Asteroids in our Solar System are a very diverse group of objects. Some are quite bright and reflect a lot of sunlight (they have what is known as a high albedo) while others are as dark as coal. Each different asteroid reflects light in its own way, and, by recording these differences, scientists can learn about these small distant objects.
Scientists have designed various methods to classify the over 100,000 known and numbered asteroids to make sense of this diversity. The “Tholen classification system” was published in 1989 and it, and other classification systems based upon it (such as the “Bus-DeMeo” classification system), are still commonly used today. In these systems asteroids are placed in to groups based on how the reflect light, specifically their total reflectance (albedo), the difference in reflectivity of different wavelengths of light (generally referred to as the “color” of the asteroid), and the more detailed shape of the asteroid’s spectrum (the “fingerprint” of how the asteroid reflects many different wavelengths of light).
The main asteroid belt has a mix of asteroids of many different types with very different albedos and some with very distinct spectral “fingerprints.” In contrast, the outer Solar System (including the Trojan Asteroids population) is dominated by dark (low albedo) asteroids with relatively featureless spectra, with still a lot of diversity in the “color” of the asteroids based on how efficiently they reflect longer wavelength (red) light compared to shorter wavelength (blue) light. As many asteroids reflect long wavelength light more efficiently than short wavelength light, astronomers and planetary scientists often to refer to asteroids as “red” or “reddish” even if to the naked eye they would not appear red. For example, some of the asteroid types found in the main belt and the Trojan swarm are shown below.
|S-type||Asteroids with moderate albedos and an absorption feature longward of 0.75 µm. Based on the sample returned from the Hayabusa spacecraft we can connect some asteroids of this spectral type with Ordinary Chondrites, a common type of primitive, volatile poor meteorite found on Earth.|
|C-type||Asteroids with low albedos and linear, generally featureless spectra. These are hypothesized to be made of the same material as Carbonacous Chondrites, a common type of primitive, carbon and volatile rich meteorite found on Earth. The missions OSIRIS-REx and Hayabusa 2 will return samples from C-type asteroids to test this hypothesis.|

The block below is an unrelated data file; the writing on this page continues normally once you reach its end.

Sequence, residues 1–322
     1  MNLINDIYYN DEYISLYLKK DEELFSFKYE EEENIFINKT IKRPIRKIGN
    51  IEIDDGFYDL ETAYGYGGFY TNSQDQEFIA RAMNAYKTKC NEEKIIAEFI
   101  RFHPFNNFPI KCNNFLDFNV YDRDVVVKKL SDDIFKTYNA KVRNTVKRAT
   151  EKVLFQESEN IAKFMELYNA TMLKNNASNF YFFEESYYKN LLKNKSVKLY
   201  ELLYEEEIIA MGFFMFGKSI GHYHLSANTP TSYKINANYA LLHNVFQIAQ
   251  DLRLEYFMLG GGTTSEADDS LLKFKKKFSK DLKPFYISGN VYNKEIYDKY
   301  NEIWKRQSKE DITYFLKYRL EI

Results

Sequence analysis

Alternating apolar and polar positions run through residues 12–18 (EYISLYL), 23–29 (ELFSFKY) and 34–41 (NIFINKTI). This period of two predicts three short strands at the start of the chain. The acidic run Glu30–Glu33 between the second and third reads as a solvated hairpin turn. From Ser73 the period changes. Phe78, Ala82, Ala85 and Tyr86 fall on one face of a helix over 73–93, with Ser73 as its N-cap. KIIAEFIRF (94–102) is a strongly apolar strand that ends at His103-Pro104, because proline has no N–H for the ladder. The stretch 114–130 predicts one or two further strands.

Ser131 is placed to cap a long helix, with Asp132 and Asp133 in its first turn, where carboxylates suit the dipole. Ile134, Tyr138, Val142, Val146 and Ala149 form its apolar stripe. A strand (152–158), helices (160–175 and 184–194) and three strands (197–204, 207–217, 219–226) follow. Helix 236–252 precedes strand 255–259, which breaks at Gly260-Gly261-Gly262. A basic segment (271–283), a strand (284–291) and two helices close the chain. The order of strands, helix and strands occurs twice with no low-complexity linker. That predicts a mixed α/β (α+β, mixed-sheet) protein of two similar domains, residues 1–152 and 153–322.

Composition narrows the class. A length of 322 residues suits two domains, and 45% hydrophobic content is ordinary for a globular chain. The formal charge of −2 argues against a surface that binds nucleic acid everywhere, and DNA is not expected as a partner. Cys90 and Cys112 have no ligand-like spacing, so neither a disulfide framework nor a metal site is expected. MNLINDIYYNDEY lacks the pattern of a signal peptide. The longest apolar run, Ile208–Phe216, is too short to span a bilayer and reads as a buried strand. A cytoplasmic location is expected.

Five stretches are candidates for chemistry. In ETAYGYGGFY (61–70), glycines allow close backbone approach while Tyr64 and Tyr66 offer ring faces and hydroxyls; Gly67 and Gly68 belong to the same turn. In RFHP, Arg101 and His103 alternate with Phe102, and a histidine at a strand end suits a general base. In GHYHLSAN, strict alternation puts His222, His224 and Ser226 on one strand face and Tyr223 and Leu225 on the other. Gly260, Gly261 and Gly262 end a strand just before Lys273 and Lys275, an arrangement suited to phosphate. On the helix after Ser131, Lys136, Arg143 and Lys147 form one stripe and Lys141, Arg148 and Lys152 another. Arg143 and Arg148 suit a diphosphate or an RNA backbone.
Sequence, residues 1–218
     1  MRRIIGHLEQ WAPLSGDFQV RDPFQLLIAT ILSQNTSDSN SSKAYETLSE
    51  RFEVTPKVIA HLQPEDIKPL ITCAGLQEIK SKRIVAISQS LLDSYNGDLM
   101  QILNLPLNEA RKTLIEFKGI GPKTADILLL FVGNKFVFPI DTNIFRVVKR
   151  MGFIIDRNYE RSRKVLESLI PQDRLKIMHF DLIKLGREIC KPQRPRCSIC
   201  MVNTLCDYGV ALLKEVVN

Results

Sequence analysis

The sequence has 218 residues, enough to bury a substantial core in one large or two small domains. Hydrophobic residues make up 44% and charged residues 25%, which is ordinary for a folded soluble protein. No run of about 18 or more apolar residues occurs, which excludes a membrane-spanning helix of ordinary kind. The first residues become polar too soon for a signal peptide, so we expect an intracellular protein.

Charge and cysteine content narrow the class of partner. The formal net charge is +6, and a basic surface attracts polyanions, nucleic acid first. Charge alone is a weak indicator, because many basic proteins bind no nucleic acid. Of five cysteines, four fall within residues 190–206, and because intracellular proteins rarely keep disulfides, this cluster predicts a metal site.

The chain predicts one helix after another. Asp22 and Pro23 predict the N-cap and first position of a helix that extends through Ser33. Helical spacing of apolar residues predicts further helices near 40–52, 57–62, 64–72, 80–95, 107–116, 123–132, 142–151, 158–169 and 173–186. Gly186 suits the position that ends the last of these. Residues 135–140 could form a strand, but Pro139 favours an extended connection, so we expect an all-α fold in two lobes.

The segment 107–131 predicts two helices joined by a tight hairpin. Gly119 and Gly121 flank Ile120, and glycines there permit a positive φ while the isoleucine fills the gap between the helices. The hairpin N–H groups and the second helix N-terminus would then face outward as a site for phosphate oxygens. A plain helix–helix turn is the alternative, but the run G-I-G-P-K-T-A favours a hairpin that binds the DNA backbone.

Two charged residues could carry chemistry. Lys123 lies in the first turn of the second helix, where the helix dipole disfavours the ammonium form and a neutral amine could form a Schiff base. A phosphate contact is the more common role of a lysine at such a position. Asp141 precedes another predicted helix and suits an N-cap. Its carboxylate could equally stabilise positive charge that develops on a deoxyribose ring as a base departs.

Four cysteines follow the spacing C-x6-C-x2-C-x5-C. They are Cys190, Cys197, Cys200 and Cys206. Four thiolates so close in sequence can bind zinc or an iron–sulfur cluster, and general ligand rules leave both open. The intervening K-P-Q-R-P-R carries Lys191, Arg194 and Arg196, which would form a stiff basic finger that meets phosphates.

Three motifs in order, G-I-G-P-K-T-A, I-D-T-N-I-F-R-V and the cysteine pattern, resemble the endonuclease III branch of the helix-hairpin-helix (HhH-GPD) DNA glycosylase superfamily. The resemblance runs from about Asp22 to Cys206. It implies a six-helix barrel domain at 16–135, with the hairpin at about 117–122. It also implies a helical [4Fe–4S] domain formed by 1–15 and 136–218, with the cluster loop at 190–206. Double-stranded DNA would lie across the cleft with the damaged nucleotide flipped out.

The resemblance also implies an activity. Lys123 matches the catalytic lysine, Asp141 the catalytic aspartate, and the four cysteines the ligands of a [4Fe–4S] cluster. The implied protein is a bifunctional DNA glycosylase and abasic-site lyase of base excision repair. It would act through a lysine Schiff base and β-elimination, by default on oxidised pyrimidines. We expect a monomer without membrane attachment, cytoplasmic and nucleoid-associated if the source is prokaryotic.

|D-type||Asteroids with low albedos and relatively featureless spectra with a very steep red slope. Scientists hypothesize that these are rich in organics and volatile elements. The Tagish Lake meteorite is the only sample in our meteoritic collection that is a promising match for D-type asteroids. However, we do not know how representative it is, so very little is known about them.|
|P-type||Asteroids with low albedos and generally featureless reddish spectra. Like D-types, scientists hypothesize that these are rich in organics and volatile elements, but they have yet to be connected to any sample in our meteoritic collection.|
These classification systems have proved to be very useful in helping scientists make sense of the diverse population of asteroids. However, it is important to note that these classifications are arbitrary groupings based upon the appearance of unresolved bodies. Samples and close flybys have been integral in confirming that some of the spectral differences (such as between S-type and C-type asteroids) are clearly related to large differences in composition. For spectral classes where we lack this data, scientists cannot be sure of the underlying cause of the observed variations, or be confident that the arbitrary groupings correspond to fundamental differences in asteroid properties rather than points along a continuous distribution.
Lucy will fly by two C-type asteroids (Donaldjohnason and Eurybates), two D-type asteroids (Leucus and Orus), and three P-type asteroids (Polymele and both members of the Patroclus-Menoetius binary). The Lucy mission will be the first mission to ever fly by a P- or D-type asteroid. Getting up close with Lucy will allow us to compare C-, P-, and D-type asteroids and learn about how the composition, amount (and freshness) of cratering, and other asteroidal properties work together in determining the spectral type. These observations will give us a deeper understanding of how and why we see this spectral diversity in our Solar System. Thus the Lucy mission will provide unique and critical knowledge about the nature of these different types of asteroids. As we investigate these primitive bodies—these fossilized remnants of the early Solar System—we will gain insight into our own history and the history of volatiles and organics in our Solar System.